The Spanglish Manifesto


Artists, musicians, philosophers, and especially politicians have tried in vain to identify one element—other than the shared Spanish tongue—that would bind all Latino groups into a cultural fellowship capable of rendering us all “one.” Ed Morales, an intrepid self-described “sociocultural critic,” is the latest to take up the challenge.

A knowledgeable and reader-friendly journeyman, Morales offers a spin-worthy alternative to Latino with Spanglish. He defines the term from varying vantage points: Politically, “Spanglish is about not having to identify with either black or white, while at the same time having the capacity to ‘be’ both”; linguistically, “Spanglish is Spanish adapting the crazy rhythms of English, and English inheriting the multicultural content of Latin America.” Morales also offers an example of how his idea applies culturally: “Spanglish happens when you go see a bossa nova or a jazz quintet and you don’t notice that half the band is black and the other half is white, or brown, or Asian.” But he seems ambivalent about any concrete definition. Is it a world in which race is not much noticed, or a world of immigrants living between Spanish and English? In the end, he tries to make it suit both so as to maintain Latinos’ claim to the term.

Morales’s political analysis of Spanglish identity won’t surprise anyone. He writes, “Spanglish was born as a result of the emigration of Latin American people to North America, which naturally flowed from the penetration of the south by the north.” Later on, he declares that “North Americans unapologetically raped the New World,” and seems to suggest that those of us who can be considered Spanglish are the bastard children of the corporate rape of Latin America by the U.S. Most of us already understand that the economic pillaging and political intervention by the U.S. have triggered immigration from the south.

Morales seems ill at ease in the no-man’s-land inhabited by Spanglish people, “hybrid border-crossers who can’t be at home in the U.S. nor in Latin America,” and he wants company. He wants Latinos to “become a harmonious social and political force.” Yet he also stigmatizes the recent immigrant with a class-based stereotype by inviting the reader to learn more about the development of Spanglish from “anyone working as a busboy at your favorite restaurant or stockboy at your local greengrocer, or the guy who delivers your take-out vegetarian ramen.” In doing so, he reveals that he is aiming this book at non-Latino readers who have had little contact with the Spanglish world he describes.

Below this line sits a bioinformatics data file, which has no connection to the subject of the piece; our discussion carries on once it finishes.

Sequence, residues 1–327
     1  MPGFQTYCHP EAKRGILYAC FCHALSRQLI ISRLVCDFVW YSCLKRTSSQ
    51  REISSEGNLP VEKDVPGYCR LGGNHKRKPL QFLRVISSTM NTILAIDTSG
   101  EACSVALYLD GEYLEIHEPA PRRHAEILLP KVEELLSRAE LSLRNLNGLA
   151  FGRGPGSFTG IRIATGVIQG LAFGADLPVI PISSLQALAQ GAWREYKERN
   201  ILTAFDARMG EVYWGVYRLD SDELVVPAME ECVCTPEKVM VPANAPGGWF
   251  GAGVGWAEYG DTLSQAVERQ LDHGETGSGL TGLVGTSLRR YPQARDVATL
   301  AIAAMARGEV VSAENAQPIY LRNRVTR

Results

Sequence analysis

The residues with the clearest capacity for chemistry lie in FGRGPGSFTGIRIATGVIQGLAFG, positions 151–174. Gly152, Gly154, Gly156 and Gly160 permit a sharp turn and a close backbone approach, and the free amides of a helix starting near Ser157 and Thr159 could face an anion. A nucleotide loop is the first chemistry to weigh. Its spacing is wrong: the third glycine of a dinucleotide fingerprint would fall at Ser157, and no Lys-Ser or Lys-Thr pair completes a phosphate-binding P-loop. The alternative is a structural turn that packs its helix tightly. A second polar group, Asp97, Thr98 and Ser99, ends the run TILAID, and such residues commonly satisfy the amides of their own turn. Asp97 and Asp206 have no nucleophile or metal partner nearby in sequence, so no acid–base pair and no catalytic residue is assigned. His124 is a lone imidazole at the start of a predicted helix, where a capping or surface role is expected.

It almost seems as if Morales is trying to write and explain himself into existence by creating Spanglish for a non-Spanglish world. And his introduction often dissolves into sound-bite fodder; at one point he twists a familiar Spanish phrase to make the book an invitation to non-Latinos who want to be down with Latino style. His offer: “Mi raza es tu raza.” Ultimately, Living in Spanglish makes a case for an inevitable cultural homogeneity that serves more to simplify our multifarious realities than to galvanize the masses. And by informing us that “Latinos in the U.S. are sharply divided,” Morales makes the mistake of not seeing each group placed under the rubric of “Latino” as rightfully claiming its own identity and agenda. Colombians, Dominicans, Ecuadorians, and Nicaraguans have different priorities (and obstacles) that determine their cultural, social, and political participation in the U.S. In fact, Latinos as a group are so stratified that a diversity of opinion exists even among folks of Mexican descent.

Morales also opens up the definition of Spanglish as not a language but a state of being; one must claim it and work toward it as he did: “I began a long struggle to understand the necessity of creating my new Spanglish identity.” This notion is contradictory and problematic. First of all, if becoming Spanglish is a contemplative process that requires one’s willingness to self-analyze (and thereby self-actualize), then it doesn’t merely happen at bossa nova performances or through inspired acting. Second, such intellectual enterprises require leisure time and material comfort. Consequently, the underpaid and overworked busboy, stockboy, and deliveryman are excluded from becoming Spanglish. Ironically, they’re the ones creating the next generation of the so-called “Spanglish” by living somewhere between “here” (the U.S.) and “there” (their country of origin).

The premise of Living in Spanglish lacks fundamental transferability. The idea that the Americas are moving toward a single identity—and that we should look forward to such hemispheric synergy—is not easily applicable outside popular culture. A casual observer can understand the influence of American rock and roll on Mexican alternative music, or the inspiration Caribbean poets might draw from Richard Wright or Sonia Sánchez, but it becomes rather difficult to imagine North, Central, and South America (including the anglophone and francophone Caribbean) evolving into a homogeneous Spanglish society.

Living in Spanglish works best as a history of the cultural and political contributions of Latinos. Chapter one has the most thoughtful, enlightening, and sometimes empowering historical portion of the book. And throughout, everyone from César Chávez and the Young Lords to Carmen Miranda and Jennifer Lopez gets reclaimed as part of the centuries-old Spanglish legacy of Latinos on and off the U.S. mainland.

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